A recent essay by Robert Ross characterized the Obama administration's "pivot" to Asia as a hostile, knee-jerk response to Chinese aggression. But the shift was not aimed at any one country; it was an acknowledgment that the United States had underinvested in a strategically significant region.
See more in Asia and Pacific; Politics and Strategy; United States
Richard A. Falkenrath says Showtime's blockbuster series Homeland is great television, but not a useful guide to real-world homeland security. Hint: we always tap the suspect's cell phone.
See more in Counterterrorism; United States; Homeland Security
Rather than focus on dramatic raids and high-tech drone strikes, special operations should refocus its attention on working with and through non-U.S. partners to accomplish security objectives, says Linda Robinson.
See more in United States; Special Operations
Mexico has long been hostage to unchallengeable traditions: its nationalist approach to oil wealth, overly sensitive attitude toward sovereignty, entrenched labor monopolies, persistent corruption, and self-serving bureaucracy.
See more in Mexico; Elections
Today, 214,098 women serve in the U.S. military, representing 14.6 percent of total service members.
See more in Women; United States
Over the next decade, the U.S. military will need to undertake the most dramatic shift in its strategy since the introduction of nuclear weapons more than 60 years ago.
See more in United States; Defense Budget
Ever since the Chinese leader Deng Xiaoping opened up his country's economy in the late 1970s, China has managed to grow in power, wealth, and military might while still maintaining cooperative and friendly relations with most of the world.
See more in China; Politics and Strategy; United States
For all the differences between Democrats and Republicans that were laid bare during the 2012 U.S. presidential campaign, the parties' standard-bearers, Barack Obama and Mitt Romney, do seem to have agreed on one thing: the importance of equal opportunity.
See more in United States; Poverty
The argument of Thomas Ricks' new book, The Generals, is simple: since the end of World War II, the combat performance of the U.S. Army has been subpar, primarily because the highest-ranking generals have been reluctant to fire underperforming generals lower in the chain of command.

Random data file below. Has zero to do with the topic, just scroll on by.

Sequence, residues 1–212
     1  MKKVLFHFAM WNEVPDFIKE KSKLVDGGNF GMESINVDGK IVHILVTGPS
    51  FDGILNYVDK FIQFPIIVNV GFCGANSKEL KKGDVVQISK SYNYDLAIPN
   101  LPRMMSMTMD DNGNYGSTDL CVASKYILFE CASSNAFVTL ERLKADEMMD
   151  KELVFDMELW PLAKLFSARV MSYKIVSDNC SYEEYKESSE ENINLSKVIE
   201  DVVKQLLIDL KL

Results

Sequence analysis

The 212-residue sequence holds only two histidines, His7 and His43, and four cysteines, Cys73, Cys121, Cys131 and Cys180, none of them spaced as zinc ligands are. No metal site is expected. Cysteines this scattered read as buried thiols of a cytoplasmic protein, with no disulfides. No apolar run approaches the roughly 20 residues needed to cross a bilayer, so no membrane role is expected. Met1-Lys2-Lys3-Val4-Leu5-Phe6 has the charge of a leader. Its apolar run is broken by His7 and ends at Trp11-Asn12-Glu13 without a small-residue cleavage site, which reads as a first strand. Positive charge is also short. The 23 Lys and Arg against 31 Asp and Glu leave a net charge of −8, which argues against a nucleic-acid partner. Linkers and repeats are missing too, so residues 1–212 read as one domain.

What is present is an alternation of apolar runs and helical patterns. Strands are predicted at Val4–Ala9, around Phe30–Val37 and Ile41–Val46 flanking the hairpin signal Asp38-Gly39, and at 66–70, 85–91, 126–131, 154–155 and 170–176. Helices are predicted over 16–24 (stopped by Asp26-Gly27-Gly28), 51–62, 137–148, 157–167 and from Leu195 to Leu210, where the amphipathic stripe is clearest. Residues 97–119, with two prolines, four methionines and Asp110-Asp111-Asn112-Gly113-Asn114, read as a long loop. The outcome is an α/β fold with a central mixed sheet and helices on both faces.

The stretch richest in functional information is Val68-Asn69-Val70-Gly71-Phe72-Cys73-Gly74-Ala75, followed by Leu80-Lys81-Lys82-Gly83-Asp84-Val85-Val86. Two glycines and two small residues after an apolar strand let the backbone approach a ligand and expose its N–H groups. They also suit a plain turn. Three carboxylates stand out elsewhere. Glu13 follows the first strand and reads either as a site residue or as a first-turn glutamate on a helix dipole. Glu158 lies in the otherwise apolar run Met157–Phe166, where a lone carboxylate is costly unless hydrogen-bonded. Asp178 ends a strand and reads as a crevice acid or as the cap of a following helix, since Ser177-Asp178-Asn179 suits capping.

See more in Defense Strategy; United States
The War of 1812 gets no respect. It's easy to see why: the causes of the war are still subject to debate, and they were sometimes unclear even to the warring parties.
See more in Wars and Warfare; United States
Andrea Campbell tips her hand partway through her essay "America the Undertaxed" (September/October 2012) when she writes that "the central debate in U.S. politics is whether to keep taxes, particularly federal taxes, at their current levels in the long term or emulate other advanced nations and raise them."
See more in United States; Tax Policy
For decades, U.S. China policy has been driven by a combination of engagement and balancing.
See more in China; United States; Politics and Strategy
Pundits predicted that the U.S. Supreme Court's ruling on the Affordable Care Act would make history.
See more in United States; Congresses, Parliaments, National Legislatures
Compared with other developed countries, the United States has very low taxes, little income redistribution, and an extraordinarily complex tax code.
See more in United States; Financial Crises
For two decades, the United States has dominated the global arms trade, reaping a broad range of economic and geopolitical benefits in the process.
See more in United States; Arms Industries and Trade
Discussions of Hispanic Americans in the media and on the campaign trail are warped by ignorance about who they really are and what they really want.
See more in United States; Elections
According to Daron Acemoglu and James Robinson's Why Nations Fail, economic development hinges on a country's political institutions.
See more in United States; Economic Development
In the latest installment of his epic biography of U.S. President Lyndon Johnson, Robert Caro reveals a man who obsessively sought power to assuage a misplaced sense of his own suffering.
See more in United States; Presidents and Chiefs of State
The warnings of The Limits to Growth were far more prescient than Bjørn Lomborg suggests, argue several critics, including two of the book's authors.
See more in United States; Environmental Policy; Pollution
Since weak demand is at the heart of the recession, governments need to enact not just structural reforms but also stimulus programs, argues Menzie Chinn.
See more in United States; Financial Crises; Monetary Policy